What’s in Ivanka Trump’s art collection, and what is it worth?
The art in Trump’s apartment is a different matter.
In one post, Trump shimmies in front of a Dan Colen “chewing gum” painting; a comparable work sold for $578,500 at Phillips New York in 2012. In another post, Trump’s child plays the piano in front of a “bullet hole” silkscreen by Nate Lowman; a bullet-hole painting in the same palette sold for $665,000 in 2013 at Sotheby’s in New York. In yet another post, taken from a Harper’s Bazaar shoot, Trump poses at her dining table in front of a work by Alex Israel. A similar painting by Israel sold for $581,000 in 2014 at Phillips New York.
There are more than a dozen works on view in Trump’s apartment, including a series of prints by conceptual artist John Baldessari, a massive work by art-market juggernaut Christopher Wool, a small piece by the up-and-coming artist Will Boone, prints by photographer Mariah Robertson, and a small, colorful abstract painting by the young art-world star Alex Da Corte. Much of Trump’s art, dealers said, was purchased with the assistance of adviser Alex Marshall. Many wealthy, aspiring collectors employ art advisers (Marshall’s mother, Patricia, is one of the most powerful in the world), not only for recommendations about what to buy, but because those advisers have access to work that would be unavailable to art-world outsiders. Both Marshall and Trump did not respond to requests for comment.
Now that the 35-year-old Trump daughter is taking a larger role on the world stage thanks to her president-elect father (and, in part, her reticent stepmother), the cultural choices she makes have received increased scrutiny. Her 2 million followers on Instagram have long felt that they knew her; now the world is looking at the pictures of her pajama-clad children in front of important artworks and trying to deduce hints of what “high culture” in Trump’s America might look like. She may, for example, have a hand in choosing the artworks on display in the White House in the new administration. She could also help to choose the artists from whom her father commissions official portraits, or even affect the way the National Endowment for the Arts is administered.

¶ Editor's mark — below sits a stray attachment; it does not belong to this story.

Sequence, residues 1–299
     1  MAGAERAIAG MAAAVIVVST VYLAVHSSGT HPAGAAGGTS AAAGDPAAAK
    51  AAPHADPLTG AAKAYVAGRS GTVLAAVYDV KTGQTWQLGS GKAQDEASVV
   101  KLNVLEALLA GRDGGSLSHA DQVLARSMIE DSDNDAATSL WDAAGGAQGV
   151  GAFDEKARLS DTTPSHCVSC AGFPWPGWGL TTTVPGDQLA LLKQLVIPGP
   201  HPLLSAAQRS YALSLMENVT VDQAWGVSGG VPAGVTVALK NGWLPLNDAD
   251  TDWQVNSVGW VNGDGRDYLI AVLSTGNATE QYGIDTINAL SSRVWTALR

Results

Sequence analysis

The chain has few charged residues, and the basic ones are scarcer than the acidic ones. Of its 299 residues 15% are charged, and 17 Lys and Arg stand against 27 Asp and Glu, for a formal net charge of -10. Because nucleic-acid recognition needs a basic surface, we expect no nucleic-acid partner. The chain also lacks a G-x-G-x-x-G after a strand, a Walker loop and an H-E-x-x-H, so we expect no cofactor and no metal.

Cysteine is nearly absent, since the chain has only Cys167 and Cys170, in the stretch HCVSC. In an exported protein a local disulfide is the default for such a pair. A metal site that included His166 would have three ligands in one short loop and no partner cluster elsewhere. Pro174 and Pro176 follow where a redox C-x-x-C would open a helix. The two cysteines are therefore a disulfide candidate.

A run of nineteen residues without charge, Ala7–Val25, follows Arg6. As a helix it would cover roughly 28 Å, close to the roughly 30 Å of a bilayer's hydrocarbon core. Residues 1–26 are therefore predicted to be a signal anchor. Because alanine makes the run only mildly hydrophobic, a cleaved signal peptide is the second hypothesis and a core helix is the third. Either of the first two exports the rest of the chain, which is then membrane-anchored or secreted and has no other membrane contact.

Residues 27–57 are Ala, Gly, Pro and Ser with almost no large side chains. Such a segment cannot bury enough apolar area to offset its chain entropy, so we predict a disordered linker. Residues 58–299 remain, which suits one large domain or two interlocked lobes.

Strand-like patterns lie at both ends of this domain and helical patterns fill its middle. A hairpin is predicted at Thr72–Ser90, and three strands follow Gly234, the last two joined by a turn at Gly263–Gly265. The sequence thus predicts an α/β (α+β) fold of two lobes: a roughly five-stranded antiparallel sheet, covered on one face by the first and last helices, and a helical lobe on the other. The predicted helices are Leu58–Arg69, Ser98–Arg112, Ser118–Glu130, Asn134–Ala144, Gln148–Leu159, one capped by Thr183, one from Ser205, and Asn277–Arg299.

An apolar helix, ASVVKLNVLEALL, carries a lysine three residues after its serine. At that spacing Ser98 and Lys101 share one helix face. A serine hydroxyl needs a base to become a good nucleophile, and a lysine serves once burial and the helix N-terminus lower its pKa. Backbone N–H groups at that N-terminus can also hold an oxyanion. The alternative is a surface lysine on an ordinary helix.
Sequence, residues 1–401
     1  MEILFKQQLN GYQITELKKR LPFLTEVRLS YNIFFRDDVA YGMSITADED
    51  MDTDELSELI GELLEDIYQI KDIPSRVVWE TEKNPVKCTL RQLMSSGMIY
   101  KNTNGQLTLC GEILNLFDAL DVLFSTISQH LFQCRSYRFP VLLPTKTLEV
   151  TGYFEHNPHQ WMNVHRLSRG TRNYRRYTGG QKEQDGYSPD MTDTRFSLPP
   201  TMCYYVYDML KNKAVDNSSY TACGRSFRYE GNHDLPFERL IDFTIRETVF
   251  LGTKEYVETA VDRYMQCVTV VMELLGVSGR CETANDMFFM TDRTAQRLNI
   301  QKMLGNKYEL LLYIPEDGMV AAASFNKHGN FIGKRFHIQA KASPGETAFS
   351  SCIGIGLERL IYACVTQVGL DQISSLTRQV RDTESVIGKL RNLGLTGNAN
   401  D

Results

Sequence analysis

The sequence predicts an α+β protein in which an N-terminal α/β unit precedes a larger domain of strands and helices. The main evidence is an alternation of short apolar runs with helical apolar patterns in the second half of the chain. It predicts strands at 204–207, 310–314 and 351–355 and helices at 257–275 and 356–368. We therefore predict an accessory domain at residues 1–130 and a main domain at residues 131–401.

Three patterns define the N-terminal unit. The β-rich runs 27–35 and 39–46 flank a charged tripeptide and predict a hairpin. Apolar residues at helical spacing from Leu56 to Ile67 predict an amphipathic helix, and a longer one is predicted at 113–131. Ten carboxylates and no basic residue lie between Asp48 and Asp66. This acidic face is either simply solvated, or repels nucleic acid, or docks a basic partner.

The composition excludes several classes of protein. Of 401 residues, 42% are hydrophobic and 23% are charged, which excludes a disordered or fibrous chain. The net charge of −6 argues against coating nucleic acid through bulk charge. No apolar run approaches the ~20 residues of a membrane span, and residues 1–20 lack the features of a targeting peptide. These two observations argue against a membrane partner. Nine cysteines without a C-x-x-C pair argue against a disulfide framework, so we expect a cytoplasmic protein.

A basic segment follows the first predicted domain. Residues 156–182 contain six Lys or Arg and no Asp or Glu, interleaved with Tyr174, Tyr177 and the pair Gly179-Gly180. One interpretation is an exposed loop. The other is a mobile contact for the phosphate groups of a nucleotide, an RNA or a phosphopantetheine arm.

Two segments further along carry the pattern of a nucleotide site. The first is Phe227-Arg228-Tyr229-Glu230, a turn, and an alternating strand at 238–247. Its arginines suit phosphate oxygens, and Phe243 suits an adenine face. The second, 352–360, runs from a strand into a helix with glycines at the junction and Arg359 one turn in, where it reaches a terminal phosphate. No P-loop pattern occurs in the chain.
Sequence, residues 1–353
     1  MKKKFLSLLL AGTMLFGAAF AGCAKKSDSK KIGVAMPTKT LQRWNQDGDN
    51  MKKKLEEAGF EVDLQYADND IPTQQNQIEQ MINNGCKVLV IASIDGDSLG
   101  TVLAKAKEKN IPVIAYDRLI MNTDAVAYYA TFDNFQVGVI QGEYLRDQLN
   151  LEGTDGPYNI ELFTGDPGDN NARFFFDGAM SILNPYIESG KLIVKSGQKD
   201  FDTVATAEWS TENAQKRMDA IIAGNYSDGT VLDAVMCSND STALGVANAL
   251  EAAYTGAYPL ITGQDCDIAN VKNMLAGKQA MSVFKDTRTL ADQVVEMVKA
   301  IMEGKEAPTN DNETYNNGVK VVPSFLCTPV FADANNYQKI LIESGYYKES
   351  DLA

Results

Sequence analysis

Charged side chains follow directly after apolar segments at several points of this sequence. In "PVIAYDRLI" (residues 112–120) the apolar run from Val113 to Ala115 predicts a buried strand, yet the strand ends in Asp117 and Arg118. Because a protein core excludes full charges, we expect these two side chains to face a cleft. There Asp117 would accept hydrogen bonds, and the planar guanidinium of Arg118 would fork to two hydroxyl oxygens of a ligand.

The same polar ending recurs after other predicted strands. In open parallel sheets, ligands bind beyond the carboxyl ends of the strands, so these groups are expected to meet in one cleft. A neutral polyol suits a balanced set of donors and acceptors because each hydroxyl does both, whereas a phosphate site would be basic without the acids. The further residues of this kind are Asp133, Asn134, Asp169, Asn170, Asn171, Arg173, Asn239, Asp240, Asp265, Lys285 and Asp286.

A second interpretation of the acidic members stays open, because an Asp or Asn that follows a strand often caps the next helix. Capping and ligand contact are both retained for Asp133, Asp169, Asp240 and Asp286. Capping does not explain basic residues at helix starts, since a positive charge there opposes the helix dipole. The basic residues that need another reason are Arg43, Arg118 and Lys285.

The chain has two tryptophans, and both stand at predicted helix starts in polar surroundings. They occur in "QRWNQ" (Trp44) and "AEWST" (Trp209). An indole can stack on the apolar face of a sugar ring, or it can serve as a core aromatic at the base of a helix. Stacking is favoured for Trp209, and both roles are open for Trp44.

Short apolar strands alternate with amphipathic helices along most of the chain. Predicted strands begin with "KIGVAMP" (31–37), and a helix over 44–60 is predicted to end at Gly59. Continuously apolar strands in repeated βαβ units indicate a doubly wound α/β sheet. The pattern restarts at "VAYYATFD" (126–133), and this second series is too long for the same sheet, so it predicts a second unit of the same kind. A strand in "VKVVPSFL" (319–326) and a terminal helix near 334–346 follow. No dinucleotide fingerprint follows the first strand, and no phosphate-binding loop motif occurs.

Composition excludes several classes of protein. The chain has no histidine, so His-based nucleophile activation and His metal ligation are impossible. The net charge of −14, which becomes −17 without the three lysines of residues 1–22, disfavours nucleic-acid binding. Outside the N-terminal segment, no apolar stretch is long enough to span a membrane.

Trump’s investments in the young artists mentioned above have given those artists a feeling that they have a conduit to Donald Trump, or at the very least a heightened platform to voice their concerns about the incoming administration. “Through her collecting and social appearances, Ivanka Trump belonged to a certain degree to our world,” said curator Alison Gingeras. There’s the added motivation to push back against Trump because her art collection has “become a form of branding,” said dealer Bill Powers, who sold Trump an artwork by Louis Eisner in 2013 through Marshall, the adviser. “I think there are a lot of artists that are uncomfortable now being incorporated, or leveraged, as part of the Ivanka Trump brand.”
To that end, the Halt Action Group (HAG), founded by Gingeras, Powers, artist Jonathan Horowitz, and several others, initiated a campaign called “Dear Ivanka.” The group has an Instagram feed in which they repost glossy stock images of Trump along with earnest appeals about what they foresee as the dire consequences of her father’s politics—topics addressed include global warming, universal health care, and contraception policy. Hoping to “thwart the normalization of what was unfolding in front of our eyes,” Gingeras said, the group, comprised of artists, dealers, psychoanalysts, and even a few collectors, reached out to the artists featured in Trump’s Instagram feed. They asked the artists to join them and ask Ivanka “to answer for some of the hypocrisy she embodies,” Gingeras said.
Many of the artists contacted by HAG responded forcefully. Underneath a photo of Trump posing in front of a painting by Da Corte, the artist wrote: “Dear @Ivankatrump please get my work off of your walls. I am embarrassed to be seen with you.” Under a different post, Israel wrote: “Please stand with artists and so many people around the world who believe that America means equality for all people.” Lowman and fellow artists Cecily Brown and Rob Pruitt joined a HAG-organized march outside the Puck Building, which is owned by Trump’s husband’s family.
Part of the aggressive response by artists, of course, is the result of what’s perceived as a rapid shift in tone by Trump and her husband. “No one could have anticipated [Donald] Trump’s policies and how horrible he’s turned out to be, and no one could have anticipated that his daughter and son-in-law would agree with him,” said Brendan Dugan, the founder of bookstore/gallery Karma, which has exhibited several artists in Trump’s collection. “The real argument is that the art world is primarily a marketplace, and if you have money, people will sell you things. I think maybe this is a wake-up call.”
Indeed, for the many people who were happy to sell to Trump when she was a mere socialite and businesswoman, her newfound political profile has proved a powerful catalyst. “It’s a moment of reckoning,” Gingeras said. “Going forward, we need to think more carefully about how our work gets brought to the world, and who it’s sold to.”
Powers, in contrast, described the current predicament faced by many of the Trump-owned artists as inevitable. “I don’t think it’s particularly unique, this divide between people that make art and the people that collect it,” he said. “I think there’s probably a lot more Republicans buying art than there are making it.”
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